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our collective consciousness. people are forgetting who started this? >> what's that guy's name? >> charles kuralt. >> doesn't ring a bell? >> asked a group of cbs interns who has heard of charles kuralt. look way in the back, you see two people raise their hand. one of them was my intern. >> what is lost if america forgets who charles kuralt is? >> i don't thinning you are going to let them do that. that's your mission. keep doing it. keep us in awe. >> fortunately, there is still plenty of awe left in america. in fact, what strikes me today is the same thing that struck kuralt. ♪ hallelujah >> despite the negative headlines, the back roads connect up a country that still seems rather fine and strong and enduring. >> yes, the motorhome may be retired, but thanks to
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charles kuralt. today there is still a vehicle for telling the
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if you've get a chance to visit china you may be surprised by translations on billboards and restaurant menus. ben tracy sorts it out. >> how often do you see a bad translation? >> around 20 minutes. >> laura jao a tour guide in beijing for ten years. so she has seen plenty of these. signs where something definitely got lost in translation. >> i think, it is probably because we don't really use english. >> there are helpful reminders to please wait outside. remember to enjoy the fresh air after you civilized urinating. >> why do you think translations were so bad on so many signs? >> to be honest. i think it is because lots of people lazy.
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directly put it online. translate. and designer may not really know english at all. >> i assume the shoes in there are not actually old? >> new shoes. traditional style. >> how traditional beijing shoes becomes old beijing shoes. >> also how a warning not to step on the growing grass, can become i like your smile, but unlook you put your shoes on my face. >> most of us find this pretty funny. the chinese government find it pretty embarrassing the they haver e eissued the guide. translations how to write everything from sun bathing to ski resort to clothing time, and under construction. so, under the new guidelines. the once widely used execution and progress, will become, under construction. the highly offensive, deformed men's toilet sign, will now read, accessible toilet. china first tried to rid itself of embarrassin
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where it became chinese ethnic park. >> that's probably not something i would order. but a harder problem to solve may be all the menu items that sound less than appetizing. >> of this dish is called spicy beauty shoes. what exactly is that? >> spicy, because flavor is spicy. and the, it is supposed to make you beautiful. and it is a picture, pig's foot. off a makes you beautiful? >> supposed to. after guidelines, laura expects most chinglish signs will be tossed in the rubbish. >> chinese people we are good at following rules. government give you a list what it should be. then everything become easier. >> sadly it may no longer be easy to find the exotic romance zone. ben tracy, beijing. fo> that's the "overnight news"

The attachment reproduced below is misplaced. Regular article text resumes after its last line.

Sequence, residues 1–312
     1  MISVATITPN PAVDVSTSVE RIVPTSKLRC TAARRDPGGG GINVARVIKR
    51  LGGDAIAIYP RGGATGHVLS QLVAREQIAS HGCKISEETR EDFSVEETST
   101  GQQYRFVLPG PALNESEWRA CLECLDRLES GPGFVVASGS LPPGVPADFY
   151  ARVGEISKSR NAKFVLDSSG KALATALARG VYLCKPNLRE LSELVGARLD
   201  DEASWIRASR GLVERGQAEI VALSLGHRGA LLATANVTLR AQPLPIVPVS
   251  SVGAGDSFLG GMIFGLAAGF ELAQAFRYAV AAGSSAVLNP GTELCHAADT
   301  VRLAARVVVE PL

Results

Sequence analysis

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new york city. i'm elaine quijano. sign, sealed and soon to be revealed. monday is expected to be indictment day in robert mueller's russia investigation. will there be an arrest? also tonight, puerto rico pulls the plug on its $300 million contract with whitefish energy. exactly five years after superstorm sandy, the hardest hit areas are still recovering. what exactly is taking so long? >> at the home of america's fourth president, the descendants of slaves get in touch with their roots. >> i want to be a part of telling my family story. >> in a budget showdown. thousand of wild horses could lose more than their home on the
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range. now the big fear is that the government will legalize the slaughter of these horses. welcome to the "overnight news." i'm elaine quijano. president trump has dismissed the russia investigation as a pointless witch-hunt. but the first criminal suspect could be unmasked on the eve of halloween. sources tell cbs news, a federal grand jury has approved special counsel robert mueller's first charges in the case an arrest could come as early as today. in a hail of tweets the president shrugged off the looming charges suggesting in capital letters that the spotlight be turned instead toward hillary clinton. here is justice reporter paula reid. >> bob mueller has a really distinguished career of service to our country. >> republican called for his party to keep an open mind as
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from special counsel robert mueller. >> i would encourage republican friend give the guy a chance to do his job. the result will be known by the facts. >> the sealed indictment could become public as early as monday. but it is not known who could be charged. mueller has been given authority to investigate any connection between the trump campaign and russia. his probe has broadened to include investigations into former trump campaign manager paul manafort, mike flynn and possible obstruction of justice in firing of james comey. the democrat believes manafort has information that could be useful to mueller. >> we know that the russian government through intermediaries was reaching out to the trump campaign, paul manafort and offering information on hillary clinton they thought would help the trump campaign and that the campaign was willing and accepted that idea. >> former u.s. attorney t